“40 U.S. Retailers Projected for Termination”

What are the "Carbon Trades" Shah Gilani is pitching for his Zenith Trading Circle?

Note: the first version of this article contained some errors in price and calculation in the examples given, now corrected. I wrote some about Michael Lewitt’s Zenith Trading Circle when it was launched last September, and there have been several discussion threads about it over the past six months as well. From what I hear, the first six months didn’t go that well — but, well, running a bearish trading service during a time when everything is going up is going to lead to a lot of unhappy campers… even bad stocks can go up in bull markets.

The ads now, under Gilani, are quite similar to Lewitt’s ads — they take a strident tone of revenge and anger, which helps you feel like you’re part of a fight against something corrupt or repugnant. The “I’m bold and I don’t care what you think about it” attitude they use is one adopted by a lot of newsletter pundits (well, probably more the copywriters than the actual newsletter writers) because it works — the best publishers, particularly those who are connected to the Agoraplex (as Money Map is) know that pushing the envelope is the way to get attention, and if you don’t get the reader’s attention you’re certainly not going to sell a newsletter.

So Shah Gilani’s “tough guy” speak is pretty much the same as Michael Lewitt’s, and it appears that his strategy is about the same as well — or, at least, the strategy he talks about in his ads. The basic goal is to profit from stocks that are in persistent decline, and the easy target for that kind of strategy right now is the retailing sector — so that’s how the ad opens:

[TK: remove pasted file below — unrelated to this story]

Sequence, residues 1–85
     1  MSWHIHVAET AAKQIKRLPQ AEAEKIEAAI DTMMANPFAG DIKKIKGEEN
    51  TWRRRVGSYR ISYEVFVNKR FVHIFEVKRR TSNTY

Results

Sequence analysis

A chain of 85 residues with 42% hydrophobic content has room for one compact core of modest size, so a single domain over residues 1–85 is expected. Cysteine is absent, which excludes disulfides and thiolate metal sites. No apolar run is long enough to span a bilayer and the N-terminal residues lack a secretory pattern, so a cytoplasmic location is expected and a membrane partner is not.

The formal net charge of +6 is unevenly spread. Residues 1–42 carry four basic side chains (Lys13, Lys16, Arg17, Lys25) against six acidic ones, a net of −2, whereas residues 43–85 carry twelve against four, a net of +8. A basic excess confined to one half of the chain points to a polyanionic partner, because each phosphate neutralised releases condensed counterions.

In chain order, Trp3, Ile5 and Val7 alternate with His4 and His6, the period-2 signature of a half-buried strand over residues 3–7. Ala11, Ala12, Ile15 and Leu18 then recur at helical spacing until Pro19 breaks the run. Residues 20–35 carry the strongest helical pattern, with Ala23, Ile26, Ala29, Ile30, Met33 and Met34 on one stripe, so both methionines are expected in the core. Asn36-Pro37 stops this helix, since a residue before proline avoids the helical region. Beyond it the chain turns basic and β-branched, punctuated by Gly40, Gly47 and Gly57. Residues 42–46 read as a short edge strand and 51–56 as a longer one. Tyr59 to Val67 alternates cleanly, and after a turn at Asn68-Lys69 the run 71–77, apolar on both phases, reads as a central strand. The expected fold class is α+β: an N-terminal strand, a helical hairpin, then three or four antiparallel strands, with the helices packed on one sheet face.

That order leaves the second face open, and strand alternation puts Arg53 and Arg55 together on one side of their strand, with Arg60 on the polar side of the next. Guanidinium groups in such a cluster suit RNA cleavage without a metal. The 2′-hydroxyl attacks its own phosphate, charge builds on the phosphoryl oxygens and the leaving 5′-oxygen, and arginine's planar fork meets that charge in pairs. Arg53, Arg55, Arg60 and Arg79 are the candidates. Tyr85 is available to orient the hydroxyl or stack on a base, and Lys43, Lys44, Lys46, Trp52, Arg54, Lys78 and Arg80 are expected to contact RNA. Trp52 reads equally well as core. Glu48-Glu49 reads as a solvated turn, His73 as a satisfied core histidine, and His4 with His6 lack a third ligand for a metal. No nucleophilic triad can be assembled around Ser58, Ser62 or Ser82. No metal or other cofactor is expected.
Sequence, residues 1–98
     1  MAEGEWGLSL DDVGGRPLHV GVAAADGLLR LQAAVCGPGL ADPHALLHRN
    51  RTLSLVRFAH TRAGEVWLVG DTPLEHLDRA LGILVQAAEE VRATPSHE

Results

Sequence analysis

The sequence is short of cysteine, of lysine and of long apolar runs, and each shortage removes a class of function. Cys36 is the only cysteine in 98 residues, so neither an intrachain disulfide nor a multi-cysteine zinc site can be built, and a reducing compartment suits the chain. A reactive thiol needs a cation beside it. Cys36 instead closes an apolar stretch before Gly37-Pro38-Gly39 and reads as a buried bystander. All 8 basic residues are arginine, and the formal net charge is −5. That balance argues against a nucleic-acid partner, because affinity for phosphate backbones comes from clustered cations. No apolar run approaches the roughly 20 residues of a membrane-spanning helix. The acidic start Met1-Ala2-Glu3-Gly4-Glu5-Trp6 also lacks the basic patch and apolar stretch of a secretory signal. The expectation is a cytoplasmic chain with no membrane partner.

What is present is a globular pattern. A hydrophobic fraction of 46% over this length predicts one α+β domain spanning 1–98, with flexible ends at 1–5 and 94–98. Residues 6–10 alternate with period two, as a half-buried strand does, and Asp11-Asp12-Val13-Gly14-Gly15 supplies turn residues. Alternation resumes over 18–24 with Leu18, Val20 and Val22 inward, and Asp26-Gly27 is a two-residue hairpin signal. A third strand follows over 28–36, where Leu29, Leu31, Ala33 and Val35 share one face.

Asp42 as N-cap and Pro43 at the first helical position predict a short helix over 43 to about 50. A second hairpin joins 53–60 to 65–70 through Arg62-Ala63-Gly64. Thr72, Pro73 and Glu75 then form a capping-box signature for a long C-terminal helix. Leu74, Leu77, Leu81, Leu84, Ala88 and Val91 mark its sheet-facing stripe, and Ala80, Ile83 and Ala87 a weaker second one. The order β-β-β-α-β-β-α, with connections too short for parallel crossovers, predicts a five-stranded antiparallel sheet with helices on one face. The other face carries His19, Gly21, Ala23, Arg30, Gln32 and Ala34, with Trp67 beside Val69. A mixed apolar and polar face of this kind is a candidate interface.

40 U.S. retailers are projected for TERMINATION

And the all deserve it!

“They gouged Americans of their hard-earned money for too long. But their demise is music to my ears. Because every time one is blown to bits, you could deposit $1,000 into your bank account”

So, like Lewitt before him, Gilani is pitching this idea of profiting from dying companies, bankruptcies, and “businesses that DESERVE TO FAIL!” Lewitt said he was the best in the world at doing this, an assertion that reviewers of the service here might take some issue with (remember, bold assertions are what sell newsletters — not boring old facts and track records), and Gilani is slightly less self-congratulatory, but the basic idea is still to use what they call “Carbon Trades” to make these profits from dying businesses.

The horror stories are, of course, attention-getting: bankruptcies at a bunch of retailers, particularly the mall-based fashion shops… rue21 just filed for bankruptcy this week, so perhaps that will be in the next crop of ads, but there have been tons of examples over the past year… and everyone’s quite aware of the faltering sales at huge mall retailers like Macy’s and Sears (Sears persists against all odds, years after I would have issued last rites).